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Phytohaemagglutinins and other bioactive components to improve animal health and the agricultural environment

The aim is to replace harmful feed additives (antibiotics,
zinc oxide) by natural bioactive substances that stimulate
the growth and health of production animals and do not have
a negative effect on the environment.

Intensive animal (pigs, calves) production faces numerous problems related to weaning. Weaning diarrhoea is a serious economic problem for farmers, it leads to significant reduction of animal's growth rate, increased feed consumption due to longer production cycle and increased expenses for veterinary services. The feed industry has implemented a long list of feed additives to reduce these problems but many of them cannot be used. Blood plasma preparations and other products of animal origin are now out of the question. Anti-microbial feed additives were very popular for many years for their growth promoting and anti-microbial properties. However, antibiotics negatively affect the development of the gastrointestinal (GI) tract and immune system, and what is crucial - are responsible for the appearance of multi- drug-resistant bacteria strains and influence soil microbes and plant diversity. SWEDEN was the first country to ban the use of antibiotic feed additives in 1986. In the last few years, the use of anti-microbial feed additives has been markedly reduced in many European Community countries. Use of ZnO as a feed additive is controversial because of soil pollution. Background: The digestive system of young mammals undergoes profound structural and functional changes in the first weeks of neonatal development. In order to match digestive and absorptive requirements of the rapidly growing new-born the most intensive growth concerns the exocrine pancreas, stomach and the upper gut. However, in production animals the development of gut and pancreas function is not completed at weaning. The digestive system is thus subjected to a drastic change in diet when maternal milk is substituted abruptly by solid food. At weaning the stomach starts to grow and differentiate rapidly which is especially relevant in calves and the small intestine is subsequently challenged by a changed microflora. The regulatory mechanisms of the GIT function also change due to the increasing importance of hormonal stimulation. Therefore, the weaning period is hazardous for young animals which is manifested by the high frequency of GI disorders resulting in reduced weight gain and poorer food utilisation. GI disorders are one of the most important causes of animal death in young pigs and calves. Objective: The objective of the project is to introduce onto the market products based on plant lectin and glutamine derivatives that will stimulate physiological mechanisms behind GI tract maturation and better adaptation to the weaned diet. It is expected that the proposed products will help to build strategies for safe (healthy) weaning in intensive animal (swine and cattle) production. Keywords: animal health, phytohaemagglutinin, alpha-keto glutarate.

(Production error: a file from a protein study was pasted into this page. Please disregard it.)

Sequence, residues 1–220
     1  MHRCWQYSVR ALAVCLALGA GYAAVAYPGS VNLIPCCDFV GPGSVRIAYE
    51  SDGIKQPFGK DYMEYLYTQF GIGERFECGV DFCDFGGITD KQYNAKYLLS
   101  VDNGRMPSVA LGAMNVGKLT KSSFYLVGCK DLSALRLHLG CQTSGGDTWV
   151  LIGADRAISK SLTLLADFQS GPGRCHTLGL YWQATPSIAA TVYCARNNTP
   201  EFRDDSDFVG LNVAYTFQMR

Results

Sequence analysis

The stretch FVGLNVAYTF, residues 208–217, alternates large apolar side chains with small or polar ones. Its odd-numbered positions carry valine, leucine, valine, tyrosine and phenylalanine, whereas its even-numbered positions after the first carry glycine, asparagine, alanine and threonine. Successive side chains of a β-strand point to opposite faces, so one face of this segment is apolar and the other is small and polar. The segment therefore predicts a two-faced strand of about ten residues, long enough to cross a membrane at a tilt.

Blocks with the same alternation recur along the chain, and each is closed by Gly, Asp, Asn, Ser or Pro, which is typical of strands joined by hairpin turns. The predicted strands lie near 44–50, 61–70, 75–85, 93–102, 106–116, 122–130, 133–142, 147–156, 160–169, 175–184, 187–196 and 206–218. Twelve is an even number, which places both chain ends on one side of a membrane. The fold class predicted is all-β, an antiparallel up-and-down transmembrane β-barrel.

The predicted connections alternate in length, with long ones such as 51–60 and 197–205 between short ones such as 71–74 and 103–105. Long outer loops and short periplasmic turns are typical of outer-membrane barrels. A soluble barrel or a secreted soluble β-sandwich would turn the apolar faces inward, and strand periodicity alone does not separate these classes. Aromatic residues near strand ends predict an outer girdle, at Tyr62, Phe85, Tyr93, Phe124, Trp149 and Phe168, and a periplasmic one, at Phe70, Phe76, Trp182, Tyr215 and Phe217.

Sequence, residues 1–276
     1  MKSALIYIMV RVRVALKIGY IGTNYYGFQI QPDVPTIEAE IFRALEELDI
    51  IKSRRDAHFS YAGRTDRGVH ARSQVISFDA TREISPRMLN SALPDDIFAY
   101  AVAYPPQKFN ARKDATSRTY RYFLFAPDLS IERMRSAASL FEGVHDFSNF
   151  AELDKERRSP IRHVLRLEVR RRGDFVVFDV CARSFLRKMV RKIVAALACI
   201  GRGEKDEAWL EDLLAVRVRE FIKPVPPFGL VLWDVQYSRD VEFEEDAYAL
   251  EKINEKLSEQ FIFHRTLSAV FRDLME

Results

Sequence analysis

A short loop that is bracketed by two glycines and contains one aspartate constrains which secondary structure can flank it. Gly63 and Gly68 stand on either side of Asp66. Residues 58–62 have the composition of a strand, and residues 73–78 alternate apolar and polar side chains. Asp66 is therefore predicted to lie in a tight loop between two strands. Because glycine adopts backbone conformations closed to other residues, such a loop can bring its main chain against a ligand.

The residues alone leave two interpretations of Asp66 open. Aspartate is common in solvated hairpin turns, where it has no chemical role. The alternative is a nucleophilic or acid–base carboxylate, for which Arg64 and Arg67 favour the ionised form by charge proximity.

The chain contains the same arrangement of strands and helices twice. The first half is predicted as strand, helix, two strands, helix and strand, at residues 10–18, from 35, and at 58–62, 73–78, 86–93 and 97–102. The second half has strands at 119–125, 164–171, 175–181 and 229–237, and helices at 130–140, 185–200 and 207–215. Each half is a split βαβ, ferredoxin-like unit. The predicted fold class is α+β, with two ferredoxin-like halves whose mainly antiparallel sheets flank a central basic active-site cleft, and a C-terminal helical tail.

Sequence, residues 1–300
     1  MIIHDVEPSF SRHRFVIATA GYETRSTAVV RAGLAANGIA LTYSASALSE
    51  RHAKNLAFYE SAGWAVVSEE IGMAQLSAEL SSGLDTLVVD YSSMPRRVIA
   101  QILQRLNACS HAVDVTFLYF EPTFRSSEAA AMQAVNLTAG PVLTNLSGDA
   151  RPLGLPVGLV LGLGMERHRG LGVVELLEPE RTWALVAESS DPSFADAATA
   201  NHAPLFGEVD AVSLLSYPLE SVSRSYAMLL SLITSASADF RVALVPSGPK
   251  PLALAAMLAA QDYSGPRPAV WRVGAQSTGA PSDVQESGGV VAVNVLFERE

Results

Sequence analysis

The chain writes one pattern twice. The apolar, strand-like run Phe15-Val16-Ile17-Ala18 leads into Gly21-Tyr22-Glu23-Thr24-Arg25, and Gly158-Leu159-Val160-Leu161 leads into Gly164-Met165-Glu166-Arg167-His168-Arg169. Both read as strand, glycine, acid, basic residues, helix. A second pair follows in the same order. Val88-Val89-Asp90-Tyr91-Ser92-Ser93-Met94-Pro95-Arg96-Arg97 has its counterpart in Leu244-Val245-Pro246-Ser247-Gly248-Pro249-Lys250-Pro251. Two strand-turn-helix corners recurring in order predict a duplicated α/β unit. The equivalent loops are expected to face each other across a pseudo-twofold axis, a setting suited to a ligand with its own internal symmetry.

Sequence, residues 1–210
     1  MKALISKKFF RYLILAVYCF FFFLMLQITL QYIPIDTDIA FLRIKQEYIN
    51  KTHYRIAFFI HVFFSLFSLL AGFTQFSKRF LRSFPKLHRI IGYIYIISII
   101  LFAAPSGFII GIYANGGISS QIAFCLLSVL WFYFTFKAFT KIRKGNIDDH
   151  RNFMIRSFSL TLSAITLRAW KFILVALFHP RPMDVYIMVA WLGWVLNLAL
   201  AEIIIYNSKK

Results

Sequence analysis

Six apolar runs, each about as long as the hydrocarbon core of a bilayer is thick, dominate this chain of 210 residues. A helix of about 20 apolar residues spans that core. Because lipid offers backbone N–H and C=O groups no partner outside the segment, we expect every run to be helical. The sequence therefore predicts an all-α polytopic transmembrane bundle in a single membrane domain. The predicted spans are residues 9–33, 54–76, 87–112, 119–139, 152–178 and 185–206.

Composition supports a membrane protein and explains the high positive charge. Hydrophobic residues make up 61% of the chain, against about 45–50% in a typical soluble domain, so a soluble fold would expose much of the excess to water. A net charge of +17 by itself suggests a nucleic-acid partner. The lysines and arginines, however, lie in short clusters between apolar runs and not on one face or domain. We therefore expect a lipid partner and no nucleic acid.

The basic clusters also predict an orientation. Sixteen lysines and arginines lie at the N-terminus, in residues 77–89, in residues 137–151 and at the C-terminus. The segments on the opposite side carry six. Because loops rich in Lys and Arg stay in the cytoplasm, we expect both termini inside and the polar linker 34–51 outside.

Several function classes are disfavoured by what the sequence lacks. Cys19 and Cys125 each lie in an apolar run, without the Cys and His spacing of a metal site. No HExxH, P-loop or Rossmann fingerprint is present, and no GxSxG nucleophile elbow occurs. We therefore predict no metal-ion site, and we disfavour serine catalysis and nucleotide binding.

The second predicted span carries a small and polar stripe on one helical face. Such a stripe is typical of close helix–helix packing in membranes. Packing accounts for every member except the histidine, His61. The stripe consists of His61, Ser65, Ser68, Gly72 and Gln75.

Project ID: 
2 675
Start date: 
15-05-2002
Project Duration: 
36months
Project costs: 
1 750 000.00€
Technological Area: 
Animal Selection/Production / Husbandry technology
Market Area: 
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Raising the productivity and competitiveness of European businesses through technology. Boosting national economies on the international market, and strengthening the basis for sustainable prosperity and employment.